BPA Membership Responsibilities
Dec. 13 , 2005

Relax. There’s nothing to be alarmed about. This is just an attempt to clarify any membership misconceptions that internet gossip tends to magnify.

WHO IS A MEMBER?  You are, if you joined the BPA during the current calendar year at any level or paid to attend this year’s WBC for more than a day. Why the distinction? Tax codes pertaining to our non-profit status require a certain percentage of our income to be generated from members…therefore, you are a member of the BPA if you care to partake in the WBC for more than a day.

DO I HAVE TO BE A BPA MEMBER TO ATTEND WBC?  Yes, but membership is included in your WBC admission fee so you pay nothing extra. If you are adamant about not being a BPA member you can attend as a Guest on a series of one-day badges but you’ll find those to be much more expensive than membership because we prefer members to guests. WBC IS a gaming conference for BPA members.

WHY SHOULD I WANT TO BE A BPA MEMBER?  Hopefully, because you want to support the hobby of competitive boardgaming and be a part of an organization that is run for boardgamers by boardgamers. For the less altruistic, you gain free admission to WBC with all levels of membership above Associate. And all levels of membership, including the least expensive (Associate), entitle you to participate in BPA PBeM tournaments begun in that calendar year.

VOTING  All levels of membership entitle you to vote in BPA elections and surveys.

WBC is the annual gaming conference and raison d’etre of the BPA—a non-profit social club corporation incorporated in the state of South Carolina and governed by its laws. It is run by a nine-member Board of Directors; three of which are elected annually to three-year terms. You, as a voting member, elect those Board members. They, in turn, hire or fire the Covention Director and make policy. Consequently, WBC should be—at least in theory—more directly responsive to the collective will of its attendees than privately-held conventions.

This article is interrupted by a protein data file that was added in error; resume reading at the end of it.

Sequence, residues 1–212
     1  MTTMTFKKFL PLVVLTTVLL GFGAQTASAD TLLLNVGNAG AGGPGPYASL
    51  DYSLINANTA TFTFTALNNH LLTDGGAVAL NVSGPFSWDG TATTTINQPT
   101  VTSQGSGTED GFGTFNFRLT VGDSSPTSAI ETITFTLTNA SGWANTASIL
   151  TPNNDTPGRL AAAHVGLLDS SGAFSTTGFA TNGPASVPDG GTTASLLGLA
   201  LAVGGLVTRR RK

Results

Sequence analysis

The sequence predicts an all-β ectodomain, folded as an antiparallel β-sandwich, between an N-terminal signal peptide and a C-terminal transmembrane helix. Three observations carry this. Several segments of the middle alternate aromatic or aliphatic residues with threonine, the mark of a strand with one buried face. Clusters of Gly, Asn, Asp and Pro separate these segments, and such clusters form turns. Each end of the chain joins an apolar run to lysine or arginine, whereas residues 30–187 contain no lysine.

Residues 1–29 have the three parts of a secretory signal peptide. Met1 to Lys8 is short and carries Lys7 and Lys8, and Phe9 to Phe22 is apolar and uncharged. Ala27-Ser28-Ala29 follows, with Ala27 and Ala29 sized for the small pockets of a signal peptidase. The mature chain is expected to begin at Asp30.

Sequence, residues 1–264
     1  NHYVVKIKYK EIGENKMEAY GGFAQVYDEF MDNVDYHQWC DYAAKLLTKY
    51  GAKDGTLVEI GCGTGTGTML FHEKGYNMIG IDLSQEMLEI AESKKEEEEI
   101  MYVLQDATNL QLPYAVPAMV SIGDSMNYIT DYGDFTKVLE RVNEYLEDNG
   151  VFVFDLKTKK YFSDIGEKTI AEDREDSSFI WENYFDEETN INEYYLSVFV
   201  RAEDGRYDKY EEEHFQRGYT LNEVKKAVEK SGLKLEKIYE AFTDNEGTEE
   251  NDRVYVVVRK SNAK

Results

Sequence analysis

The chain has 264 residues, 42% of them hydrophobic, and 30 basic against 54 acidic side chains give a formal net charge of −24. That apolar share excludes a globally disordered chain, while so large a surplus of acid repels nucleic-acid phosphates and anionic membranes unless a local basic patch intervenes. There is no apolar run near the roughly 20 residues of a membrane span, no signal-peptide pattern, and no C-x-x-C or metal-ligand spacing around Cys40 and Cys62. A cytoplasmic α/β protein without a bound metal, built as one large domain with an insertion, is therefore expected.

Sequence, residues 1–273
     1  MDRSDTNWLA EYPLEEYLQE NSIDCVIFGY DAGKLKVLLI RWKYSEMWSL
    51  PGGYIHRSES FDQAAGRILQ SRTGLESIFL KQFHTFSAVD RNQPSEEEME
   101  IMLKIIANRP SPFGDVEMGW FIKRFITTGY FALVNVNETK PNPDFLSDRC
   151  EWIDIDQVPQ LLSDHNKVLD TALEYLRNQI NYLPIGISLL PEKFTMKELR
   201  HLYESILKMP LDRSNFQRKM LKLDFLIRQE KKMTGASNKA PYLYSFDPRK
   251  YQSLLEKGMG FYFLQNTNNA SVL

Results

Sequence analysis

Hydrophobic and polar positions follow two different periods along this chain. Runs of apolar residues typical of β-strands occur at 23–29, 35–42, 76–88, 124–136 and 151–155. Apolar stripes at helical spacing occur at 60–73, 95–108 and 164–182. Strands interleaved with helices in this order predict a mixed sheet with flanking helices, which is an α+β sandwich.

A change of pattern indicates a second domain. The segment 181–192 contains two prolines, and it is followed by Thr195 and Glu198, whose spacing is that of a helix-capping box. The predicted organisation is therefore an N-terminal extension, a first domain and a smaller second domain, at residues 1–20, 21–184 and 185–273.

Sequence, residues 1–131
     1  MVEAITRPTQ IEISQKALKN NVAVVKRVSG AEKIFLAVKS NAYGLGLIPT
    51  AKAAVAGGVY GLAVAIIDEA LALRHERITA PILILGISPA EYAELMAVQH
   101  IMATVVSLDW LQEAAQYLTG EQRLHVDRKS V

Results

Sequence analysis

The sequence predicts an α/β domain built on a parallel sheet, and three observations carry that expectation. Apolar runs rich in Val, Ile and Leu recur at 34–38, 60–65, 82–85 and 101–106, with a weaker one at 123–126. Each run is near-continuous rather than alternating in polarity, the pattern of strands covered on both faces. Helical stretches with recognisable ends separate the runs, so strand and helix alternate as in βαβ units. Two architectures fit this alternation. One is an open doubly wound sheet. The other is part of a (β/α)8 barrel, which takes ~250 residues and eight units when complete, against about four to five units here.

Political apathy is a common trait in the USA and it is mirrored by participation, or the lack thereof, in BPA elections. The 2002 Board election barely drew 15% of the eligible voters. While this is understandable—most of us just come to game after all—it is not wise. That which we take for granted can be lost in an instant to a radical, vocal minority if we don’t all vote our collective mind. So, take a moment to vote for what you want the WBC to be. In the era of email it is truly easy to keep your organization stable and centered on the mainstream of its membership. Failure to do so may result in unwelcome changes to your organization for which you’ll have only yourself to blame. We need your vote.